Options trading is all about choosing the right strategy. Should an investor go for an“in the money” (ITM) or “out of the money” (OTM) trade, which is represented by the strike price position relative to where the stock is currently trading. The difference between an “in the money” and “out of the money” option is a question of profiting or losing the capital invested.

An in the money option is one that provides revenue to the holders by exercising the contract. On the other hand, an out of the money option is a contract that is rendered worthless for the contract holder at expiry.

If the stock price, manages to fall precisely at the same rate as the strike at expiry, this option would be considered as an at the money (ATM) option.

Understanding ITM and OTM

Financial derivatives are competitive securities; the potential benefits of an investor are in choosing the right strategy to predict the direction the price of an asset is going to take. In derivatives, the profits of an investor are directly proportional to the losses of his counterpart. For example, if an option contract expires in the money, the holder will receive a revenue equal to the money lost by the writer. In the same manner, for an out of the money option, the money lost by the holder will be the same as the reward received by the writer.

Calls

In the case of calls, an in the money call option contract is one that has a strike price lower than the market value of the underlying asset. Allowing the holder to buy the asset cheaper than market value and sell it immediately for a profit. Conversely, an option would be considered OTM if the stock price doesn’t surpass the strike price; in this case, the contract wouldn’t provide any value to the option buyers.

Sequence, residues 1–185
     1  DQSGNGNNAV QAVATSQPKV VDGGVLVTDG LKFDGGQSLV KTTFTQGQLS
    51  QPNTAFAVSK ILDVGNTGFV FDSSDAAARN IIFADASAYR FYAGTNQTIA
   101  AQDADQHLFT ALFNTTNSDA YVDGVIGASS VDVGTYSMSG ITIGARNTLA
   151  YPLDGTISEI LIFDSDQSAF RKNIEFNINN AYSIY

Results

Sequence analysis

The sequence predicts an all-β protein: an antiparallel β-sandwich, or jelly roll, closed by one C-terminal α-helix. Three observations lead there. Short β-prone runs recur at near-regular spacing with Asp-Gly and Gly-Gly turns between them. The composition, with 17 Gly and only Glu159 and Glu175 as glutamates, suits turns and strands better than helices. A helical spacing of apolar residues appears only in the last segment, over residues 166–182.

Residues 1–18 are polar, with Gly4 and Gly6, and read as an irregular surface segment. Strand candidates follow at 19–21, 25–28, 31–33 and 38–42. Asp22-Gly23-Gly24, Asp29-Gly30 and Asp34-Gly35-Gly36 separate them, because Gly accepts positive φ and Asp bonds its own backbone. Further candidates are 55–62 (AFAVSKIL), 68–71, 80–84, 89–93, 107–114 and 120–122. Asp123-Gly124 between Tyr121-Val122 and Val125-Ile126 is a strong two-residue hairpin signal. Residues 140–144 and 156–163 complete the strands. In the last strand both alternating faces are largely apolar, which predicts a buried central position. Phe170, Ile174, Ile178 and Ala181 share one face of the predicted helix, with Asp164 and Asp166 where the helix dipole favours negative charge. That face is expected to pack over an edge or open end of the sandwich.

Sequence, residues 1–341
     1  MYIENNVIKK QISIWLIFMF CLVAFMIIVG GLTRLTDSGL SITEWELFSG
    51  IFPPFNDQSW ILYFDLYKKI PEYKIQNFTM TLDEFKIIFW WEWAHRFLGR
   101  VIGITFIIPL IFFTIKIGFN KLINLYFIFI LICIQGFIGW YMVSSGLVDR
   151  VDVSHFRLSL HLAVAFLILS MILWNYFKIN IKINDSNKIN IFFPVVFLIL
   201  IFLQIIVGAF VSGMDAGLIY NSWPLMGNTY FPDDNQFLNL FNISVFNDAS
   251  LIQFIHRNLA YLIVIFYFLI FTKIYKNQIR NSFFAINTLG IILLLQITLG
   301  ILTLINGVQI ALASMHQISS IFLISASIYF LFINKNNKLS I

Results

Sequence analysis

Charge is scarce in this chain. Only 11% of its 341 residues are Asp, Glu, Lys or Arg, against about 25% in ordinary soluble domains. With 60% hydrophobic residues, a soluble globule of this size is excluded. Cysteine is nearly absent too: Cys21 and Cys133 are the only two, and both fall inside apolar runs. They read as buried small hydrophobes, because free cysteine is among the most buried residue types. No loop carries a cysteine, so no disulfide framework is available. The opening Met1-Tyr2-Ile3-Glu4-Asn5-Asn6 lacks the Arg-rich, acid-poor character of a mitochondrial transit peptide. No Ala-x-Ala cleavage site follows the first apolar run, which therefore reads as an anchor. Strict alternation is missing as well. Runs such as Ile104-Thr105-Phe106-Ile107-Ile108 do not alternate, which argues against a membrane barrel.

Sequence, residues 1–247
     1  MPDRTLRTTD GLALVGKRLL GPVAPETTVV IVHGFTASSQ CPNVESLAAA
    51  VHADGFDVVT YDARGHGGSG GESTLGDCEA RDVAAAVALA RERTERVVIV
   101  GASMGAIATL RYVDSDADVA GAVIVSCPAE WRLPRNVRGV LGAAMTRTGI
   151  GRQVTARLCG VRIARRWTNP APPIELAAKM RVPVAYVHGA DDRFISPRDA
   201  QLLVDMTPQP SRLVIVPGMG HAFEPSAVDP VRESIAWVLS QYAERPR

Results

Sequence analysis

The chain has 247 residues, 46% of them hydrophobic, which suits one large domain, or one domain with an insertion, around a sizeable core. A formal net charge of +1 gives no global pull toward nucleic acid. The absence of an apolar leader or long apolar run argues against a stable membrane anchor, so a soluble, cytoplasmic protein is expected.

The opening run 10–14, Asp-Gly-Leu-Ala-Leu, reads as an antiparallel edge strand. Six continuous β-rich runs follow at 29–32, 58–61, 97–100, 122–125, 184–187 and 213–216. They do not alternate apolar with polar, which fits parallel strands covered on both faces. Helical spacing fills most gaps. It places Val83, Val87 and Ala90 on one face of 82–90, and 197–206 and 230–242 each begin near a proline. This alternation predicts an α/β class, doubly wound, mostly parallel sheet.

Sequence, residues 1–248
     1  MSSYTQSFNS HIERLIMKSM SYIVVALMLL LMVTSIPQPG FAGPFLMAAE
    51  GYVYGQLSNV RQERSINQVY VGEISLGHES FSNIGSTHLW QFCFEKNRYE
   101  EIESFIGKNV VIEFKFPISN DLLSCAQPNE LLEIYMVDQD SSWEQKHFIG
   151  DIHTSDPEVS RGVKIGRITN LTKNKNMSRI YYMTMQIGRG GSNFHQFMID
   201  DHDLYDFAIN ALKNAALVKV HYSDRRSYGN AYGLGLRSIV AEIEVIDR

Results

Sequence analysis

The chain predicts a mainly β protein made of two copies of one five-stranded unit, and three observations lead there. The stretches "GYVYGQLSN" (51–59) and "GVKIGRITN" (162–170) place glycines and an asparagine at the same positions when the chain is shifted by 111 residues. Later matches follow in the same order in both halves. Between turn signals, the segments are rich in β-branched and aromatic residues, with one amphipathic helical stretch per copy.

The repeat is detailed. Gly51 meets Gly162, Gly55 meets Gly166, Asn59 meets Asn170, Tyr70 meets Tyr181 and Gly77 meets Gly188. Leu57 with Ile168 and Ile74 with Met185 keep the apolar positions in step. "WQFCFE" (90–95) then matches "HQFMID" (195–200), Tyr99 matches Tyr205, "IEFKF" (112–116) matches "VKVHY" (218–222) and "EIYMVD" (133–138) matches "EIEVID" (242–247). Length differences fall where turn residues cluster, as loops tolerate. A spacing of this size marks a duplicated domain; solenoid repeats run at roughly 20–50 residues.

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Let’s recap, for call contracts:

  • In the Money: stock price > strike price
  • At the Money: stock price = strike price
  • Out of the Money: stock price < strike price

Puts

Put contracts are purchased by traders who believe the price of an asset is going to depreciate, as a safer alternative to short-selling. When it comes to puts, an ITM option is one that has a strike prices above the stock price hence allowing the option holder to sell an asset over retail price. OTM puts have strike prices over the market value of the underlying asset, therefore worthless for the put holder.

In summary, for puts:

  • In the Money: stock price < strike price
  • At the Money: stock price = strike price
  • Out of the Money stock price > strike price

ITM and OTM Issued Options

The premium of an option contract has two components, intrinsic and extrinsic value. Options released with intrinsic value are contracts that, at the time of their release, have a strike price with an advantageous margin to the current market price. That is to say; they already are in the money when written. Not all option contracts have intrinsic value when emitted, options without intrinsic value rely on their extrinsic value, which is the value of time, the speculative value. It is for this reason that assets with low volatility rates are usually written ITM. In contrast, more volatile assets are commonly issued OTM as they are expected to have more significant price moves.

Options written OTM are the preferred choice of speculators as they have lower premium prices and usually have more volatile assets. ITM and OTM issued options are both feasible option strategies that can be profitable from the holders and the writer’s perspective. One approach is not better than the other; it all depends on what the investor necessities are and what he is trying to achieve. Besides ITM and OTM, written options usually are combined into spread strategies that can take advantage of the benefits that both approaches have to offer.

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Chris Douthit
Chris Douthit

Chris Douthit, MBA, CSPO, is a former professional trader for Goldman Sachs and the founder of OptionStrategiesInsider.com. His work, market predictions, and options strategies approach has been featured on NASDAQ, Seeking Alpha, Marketplace, and Hackernoon.